Eikons and Marketing the Gospel

Apparently, being made in the image of God comes with a few limitations, especially if that image happens to be a bit cracked.  Oh, yeah, don't forget that Eikon is the Greek translation of the Hebrew term for "image".  If you've read McKnight's A Community Called Atonement (see 1/31 post) through chapter three you already know that.

Speaking of an exercise in postmodern humility (chapter six), I can't recommend enough Stephen Toulmin's Cosmopolis: The Hidden Agenda of Modernity (see my review of Toulmin's analysis of the traditional view of the 18th century) 

The arena of the 18th century isn't ours, but questions he provokes are certainly applicable.  Theology does not take place in a vacuum.  We all do our knowing, thinking and believing from a vantage point that is limited, historical, and dependent.  The modern decontextualization of all reality, including theology, has the dangerous potential of homogenizing spirituality, turning God and religious experience into products to be marketed at the global level.  

A faith maintaining any links to a particular history, a particular way of life, particular symbols and rituals, or a particular institution, remains limited in its marketability.  Therefore, those overly influenced by the market mentality will most likely dismiss such a faith. 

Have you seen how religious symbols are often reduced to marketing tools?  This is most evident in today's plethora of church curriculum, programs and marketing strategies, which offer uniform packages of interpretations and judgements for delivery to every place.    




About Corey Sharpe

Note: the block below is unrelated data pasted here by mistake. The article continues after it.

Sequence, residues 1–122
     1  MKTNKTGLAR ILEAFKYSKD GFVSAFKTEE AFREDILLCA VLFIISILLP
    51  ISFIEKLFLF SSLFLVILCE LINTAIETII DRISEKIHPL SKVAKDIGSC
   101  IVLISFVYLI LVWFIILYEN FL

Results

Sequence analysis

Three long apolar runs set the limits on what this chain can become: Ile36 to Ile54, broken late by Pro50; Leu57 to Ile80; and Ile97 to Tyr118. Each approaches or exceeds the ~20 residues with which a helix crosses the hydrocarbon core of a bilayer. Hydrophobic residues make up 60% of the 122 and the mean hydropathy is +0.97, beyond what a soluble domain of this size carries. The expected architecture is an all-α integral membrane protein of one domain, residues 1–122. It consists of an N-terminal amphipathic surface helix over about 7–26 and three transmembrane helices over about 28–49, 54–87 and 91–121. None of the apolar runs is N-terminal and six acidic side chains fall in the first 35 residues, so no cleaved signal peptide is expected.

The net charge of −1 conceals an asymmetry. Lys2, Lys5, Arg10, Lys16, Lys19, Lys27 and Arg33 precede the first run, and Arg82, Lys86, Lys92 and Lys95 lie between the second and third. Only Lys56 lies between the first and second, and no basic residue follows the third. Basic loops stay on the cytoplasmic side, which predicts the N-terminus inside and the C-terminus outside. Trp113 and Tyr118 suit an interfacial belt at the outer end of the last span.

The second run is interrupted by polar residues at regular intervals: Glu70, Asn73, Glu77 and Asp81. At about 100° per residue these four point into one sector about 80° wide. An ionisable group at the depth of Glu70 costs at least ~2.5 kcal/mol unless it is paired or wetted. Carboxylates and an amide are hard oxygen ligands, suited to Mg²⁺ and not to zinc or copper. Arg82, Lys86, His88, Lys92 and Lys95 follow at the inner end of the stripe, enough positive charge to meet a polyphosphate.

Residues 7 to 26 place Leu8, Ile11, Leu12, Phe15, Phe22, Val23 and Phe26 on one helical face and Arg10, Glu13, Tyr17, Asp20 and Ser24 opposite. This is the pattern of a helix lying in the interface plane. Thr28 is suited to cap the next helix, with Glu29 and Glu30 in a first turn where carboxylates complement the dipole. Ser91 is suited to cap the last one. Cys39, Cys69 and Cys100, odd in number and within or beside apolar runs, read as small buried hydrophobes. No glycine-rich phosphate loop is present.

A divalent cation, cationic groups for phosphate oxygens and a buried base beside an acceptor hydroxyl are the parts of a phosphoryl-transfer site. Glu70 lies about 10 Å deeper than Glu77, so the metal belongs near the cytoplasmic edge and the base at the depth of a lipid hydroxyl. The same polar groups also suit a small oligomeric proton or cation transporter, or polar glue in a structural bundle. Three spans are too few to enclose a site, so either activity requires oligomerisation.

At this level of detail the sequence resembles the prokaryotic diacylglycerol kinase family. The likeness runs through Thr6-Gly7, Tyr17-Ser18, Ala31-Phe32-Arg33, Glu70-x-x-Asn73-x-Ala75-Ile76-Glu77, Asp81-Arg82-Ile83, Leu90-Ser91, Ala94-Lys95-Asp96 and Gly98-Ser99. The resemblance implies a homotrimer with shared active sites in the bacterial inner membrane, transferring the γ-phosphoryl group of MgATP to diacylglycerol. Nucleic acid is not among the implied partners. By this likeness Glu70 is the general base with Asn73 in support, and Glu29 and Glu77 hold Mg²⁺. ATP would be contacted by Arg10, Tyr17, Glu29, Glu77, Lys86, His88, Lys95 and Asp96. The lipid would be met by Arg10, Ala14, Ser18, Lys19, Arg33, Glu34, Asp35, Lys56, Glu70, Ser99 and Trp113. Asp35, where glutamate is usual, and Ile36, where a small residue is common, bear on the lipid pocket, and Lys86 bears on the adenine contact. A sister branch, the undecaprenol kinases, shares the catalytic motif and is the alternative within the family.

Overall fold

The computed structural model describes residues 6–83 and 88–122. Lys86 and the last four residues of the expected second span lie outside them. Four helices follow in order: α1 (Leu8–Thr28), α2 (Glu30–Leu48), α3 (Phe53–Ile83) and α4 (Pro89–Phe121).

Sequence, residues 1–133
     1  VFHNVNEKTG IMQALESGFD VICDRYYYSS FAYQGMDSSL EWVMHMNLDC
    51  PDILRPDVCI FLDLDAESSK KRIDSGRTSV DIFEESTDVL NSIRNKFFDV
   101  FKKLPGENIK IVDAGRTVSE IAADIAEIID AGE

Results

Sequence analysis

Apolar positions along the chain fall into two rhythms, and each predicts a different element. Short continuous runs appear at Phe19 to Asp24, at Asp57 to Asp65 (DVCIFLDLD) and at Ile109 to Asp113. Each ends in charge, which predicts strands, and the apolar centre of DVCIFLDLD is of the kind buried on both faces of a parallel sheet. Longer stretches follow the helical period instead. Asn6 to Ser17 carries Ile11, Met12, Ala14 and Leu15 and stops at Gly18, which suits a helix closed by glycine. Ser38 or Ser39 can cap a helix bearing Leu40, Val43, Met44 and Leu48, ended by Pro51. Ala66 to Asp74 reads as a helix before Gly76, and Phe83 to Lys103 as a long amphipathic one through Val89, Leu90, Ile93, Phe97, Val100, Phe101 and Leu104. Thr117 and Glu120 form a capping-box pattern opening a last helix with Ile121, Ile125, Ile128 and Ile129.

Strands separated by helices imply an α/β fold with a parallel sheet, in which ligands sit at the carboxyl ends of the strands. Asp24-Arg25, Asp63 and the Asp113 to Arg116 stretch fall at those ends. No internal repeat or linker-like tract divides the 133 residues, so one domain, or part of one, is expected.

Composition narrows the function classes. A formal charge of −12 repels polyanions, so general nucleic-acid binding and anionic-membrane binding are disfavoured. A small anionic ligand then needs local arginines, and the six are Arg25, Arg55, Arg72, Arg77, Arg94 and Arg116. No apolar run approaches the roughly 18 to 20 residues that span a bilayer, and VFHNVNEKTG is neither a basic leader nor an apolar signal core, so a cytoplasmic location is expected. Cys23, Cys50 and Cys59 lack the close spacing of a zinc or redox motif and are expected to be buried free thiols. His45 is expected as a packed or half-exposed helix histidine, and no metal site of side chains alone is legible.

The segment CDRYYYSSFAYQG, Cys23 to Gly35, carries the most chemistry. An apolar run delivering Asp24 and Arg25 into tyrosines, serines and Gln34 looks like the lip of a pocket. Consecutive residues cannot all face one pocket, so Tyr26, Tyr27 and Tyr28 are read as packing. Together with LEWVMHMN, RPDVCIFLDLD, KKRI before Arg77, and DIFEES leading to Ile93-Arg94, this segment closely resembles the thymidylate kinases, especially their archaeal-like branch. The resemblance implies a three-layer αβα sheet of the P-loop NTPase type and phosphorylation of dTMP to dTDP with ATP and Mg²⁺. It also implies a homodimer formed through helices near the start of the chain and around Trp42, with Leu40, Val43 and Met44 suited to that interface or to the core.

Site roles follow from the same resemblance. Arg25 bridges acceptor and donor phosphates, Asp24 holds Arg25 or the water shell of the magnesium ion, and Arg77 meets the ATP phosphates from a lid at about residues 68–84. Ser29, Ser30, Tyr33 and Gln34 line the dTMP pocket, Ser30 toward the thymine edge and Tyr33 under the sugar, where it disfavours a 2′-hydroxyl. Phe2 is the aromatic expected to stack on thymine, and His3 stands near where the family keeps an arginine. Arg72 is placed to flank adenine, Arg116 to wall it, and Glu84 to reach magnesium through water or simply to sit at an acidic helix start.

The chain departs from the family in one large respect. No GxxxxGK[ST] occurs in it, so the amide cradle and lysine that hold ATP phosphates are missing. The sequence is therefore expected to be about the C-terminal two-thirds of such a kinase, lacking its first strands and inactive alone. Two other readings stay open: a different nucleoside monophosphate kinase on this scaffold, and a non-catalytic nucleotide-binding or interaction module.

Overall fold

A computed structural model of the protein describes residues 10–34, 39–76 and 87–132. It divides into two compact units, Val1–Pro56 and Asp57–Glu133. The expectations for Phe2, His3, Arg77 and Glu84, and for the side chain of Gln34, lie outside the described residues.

Where do we get our beliefs? Three theological perspectives have significantly shaped my Christian identity: Evangelicalism, the early Methodist tradition and liberation theology. From my coming to faith in a Baptist church and throughout my education in a Baptist school and college, I was nurtured by convictions that emphasized a spiritual rebirth, a personal relationship with Jesus Christ and the centrality of the Bible. Even when I disagree with certain aspects of evangelicalism, it has deeply influenced my sense of what it means to be a follower of Jesus Christ. My seminary studies spawned my interest in early Methodism, particularly its approach to spiritual formation. Its leaders were convinced that only a foundation of doctrine and discipline would lead to a meaningful transformation of the heart and mind. In other words, having the mind of Christ enables me to be more like Christ. Life in a suburban culture obscures the increasing gap between the poor and rich, as well as the Bible’s close identification with the poor. My doctoral work in socio-cultural context exposed me to liberation theology, which helps me see redemptive history as a history of oppressed groups, written from the perspective of the powerless, about a God who is actively involved with the poor in their struggles. I am now the pastor at Huntingtown United Methodist Church in Calvert County, Maryland. Together my wife and I are raising 4 young theologians.
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